The Green Party of the United Kingdom reiterated today its desire for the UK to quit the North Atlantic Treaty Organization (NATO) – once the war in Ukraine has ended.

Its co-leader Adrian Ramsay told Sky News he did not want to “change structures in the middle of a conflict,” but believes the UK’s long-term aim should be to leave the military alliance.

NATO has been given a new lease of life by Vladimir Putin’s aggressive assault, with the alliance forming the bedrock of aid to Kyiv to help it fight back Russian forces.

When asked on Sky News whether the Greens’ position on NATO has changed as a result of the Ukraine conflict, Ramsay confirmed it has not.

Asked to confirm again that the Greens want the UK to leave NATO, he added: “Yes, that is our long-term policy that we would like to see far greater focus on peacekeeping institutions and institutions that support a reduction in our nuclear weapons and countries moving away from nuclear weapons.”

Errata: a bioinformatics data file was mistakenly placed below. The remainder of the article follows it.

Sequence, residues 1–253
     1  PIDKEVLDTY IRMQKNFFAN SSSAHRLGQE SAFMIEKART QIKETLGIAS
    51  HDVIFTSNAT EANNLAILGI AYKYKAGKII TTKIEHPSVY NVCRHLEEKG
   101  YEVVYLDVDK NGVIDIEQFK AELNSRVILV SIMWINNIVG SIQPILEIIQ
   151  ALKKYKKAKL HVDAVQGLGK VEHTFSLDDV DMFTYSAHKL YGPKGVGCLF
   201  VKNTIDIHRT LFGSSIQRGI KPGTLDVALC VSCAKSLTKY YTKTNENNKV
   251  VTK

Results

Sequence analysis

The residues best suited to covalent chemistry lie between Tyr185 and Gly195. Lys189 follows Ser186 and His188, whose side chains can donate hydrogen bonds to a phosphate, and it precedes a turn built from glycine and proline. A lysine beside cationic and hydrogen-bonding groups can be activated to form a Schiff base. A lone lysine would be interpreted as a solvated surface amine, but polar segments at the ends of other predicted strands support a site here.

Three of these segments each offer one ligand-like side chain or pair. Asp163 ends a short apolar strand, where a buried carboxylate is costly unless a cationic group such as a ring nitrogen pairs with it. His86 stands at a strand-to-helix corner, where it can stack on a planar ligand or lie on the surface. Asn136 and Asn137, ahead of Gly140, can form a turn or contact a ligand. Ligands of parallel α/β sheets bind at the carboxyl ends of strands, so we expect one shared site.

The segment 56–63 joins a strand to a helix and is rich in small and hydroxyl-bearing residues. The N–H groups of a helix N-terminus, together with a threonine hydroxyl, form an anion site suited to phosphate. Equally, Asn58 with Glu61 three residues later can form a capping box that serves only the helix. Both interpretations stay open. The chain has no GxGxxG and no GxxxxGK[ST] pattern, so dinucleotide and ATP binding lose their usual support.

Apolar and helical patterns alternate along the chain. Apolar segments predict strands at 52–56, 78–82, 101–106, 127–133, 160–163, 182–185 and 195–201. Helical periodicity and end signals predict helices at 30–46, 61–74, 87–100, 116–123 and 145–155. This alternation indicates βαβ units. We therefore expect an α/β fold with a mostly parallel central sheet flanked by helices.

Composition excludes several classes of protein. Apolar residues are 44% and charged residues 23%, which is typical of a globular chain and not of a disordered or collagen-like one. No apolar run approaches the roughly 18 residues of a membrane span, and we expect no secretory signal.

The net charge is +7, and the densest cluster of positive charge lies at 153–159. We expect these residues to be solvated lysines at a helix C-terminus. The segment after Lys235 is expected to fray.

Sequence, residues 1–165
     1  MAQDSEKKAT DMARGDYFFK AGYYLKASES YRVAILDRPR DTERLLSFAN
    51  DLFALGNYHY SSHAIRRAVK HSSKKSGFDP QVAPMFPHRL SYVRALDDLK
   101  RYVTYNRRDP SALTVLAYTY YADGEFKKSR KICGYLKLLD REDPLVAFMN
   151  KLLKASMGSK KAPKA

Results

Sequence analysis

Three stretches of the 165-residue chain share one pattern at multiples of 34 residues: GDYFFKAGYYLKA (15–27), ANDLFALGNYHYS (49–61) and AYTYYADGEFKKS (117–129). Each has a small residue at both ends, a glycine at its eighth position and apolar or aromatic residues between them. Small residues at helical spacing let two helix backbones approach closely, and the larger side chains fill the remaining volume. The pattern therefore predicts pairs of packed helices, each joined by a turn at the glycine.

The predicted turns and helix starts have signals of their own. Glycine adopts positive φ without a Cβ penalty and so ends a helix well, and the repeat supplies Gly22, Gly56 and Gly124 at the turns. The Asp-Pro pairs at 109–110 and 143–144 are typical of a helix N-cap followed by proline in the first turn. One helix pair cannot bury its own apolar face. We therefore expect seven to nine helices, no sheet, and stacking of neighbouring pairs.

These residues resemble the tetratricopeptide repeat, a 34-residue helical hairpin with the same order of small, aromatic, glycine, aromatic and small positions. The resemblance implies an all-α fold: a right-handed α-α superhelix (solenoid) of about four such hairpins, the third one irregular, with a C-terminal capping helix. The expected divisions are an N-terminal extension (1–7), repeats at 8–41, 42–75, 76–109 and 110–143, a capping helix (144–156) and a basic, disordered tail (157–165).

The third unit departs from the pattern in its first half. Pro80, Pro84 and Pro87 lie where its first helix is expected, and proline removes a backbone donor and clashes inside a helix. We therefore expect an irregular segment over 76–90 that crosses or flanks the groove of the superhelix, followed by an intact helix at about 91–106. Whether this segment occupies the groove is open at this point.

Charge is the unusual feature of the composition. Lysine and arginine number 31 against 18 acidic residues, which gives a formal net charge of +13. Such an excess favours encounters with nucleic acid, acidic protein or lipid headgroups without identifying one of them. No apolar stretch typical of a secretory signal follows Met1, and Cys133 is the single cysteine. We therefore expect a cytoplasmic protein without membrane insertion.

“But in the short-term, of course we are not proposing moving out of NATO in the middle of a conflict.”

He told Sky: “We have a long-term policy about reviewing what structures we need to have to build peace in the world and we have to remember this conflict has happened at a time when we are part of NATO, when we are still seeing nuclear weapons dominate.”

“Of course we are not about changing structures in the middle of conflict and what we need to do at the moment is focus on how Ukraine can be supported in a wide variety of ways.”

Ramsay suggested the UK needs to focus on ‘peacekeeping and getting the parties to the table’ as well as “stronger economic action.”

He added: “Across Europe we are still sending a billion euros a day to Vladimir Putin’s war machine from buying Russian oil, gas and coal and we need to wean ourselves off this addiction, which of course the Greens want us to do.”

“If we want to avoid funding that war machine and really put strong economic pressure on Russia, that has really got to be stepped up.”

Ryan Dumont

Ryan (Tiohtià:ke/Montréal) is a political science student at Concordia University. His interests in green politics include healthcare reform, feminism, Indigenous affairs, homelessness, education, immigration, asylum-seekers and refugees, drug reform, workers' rights, and more.

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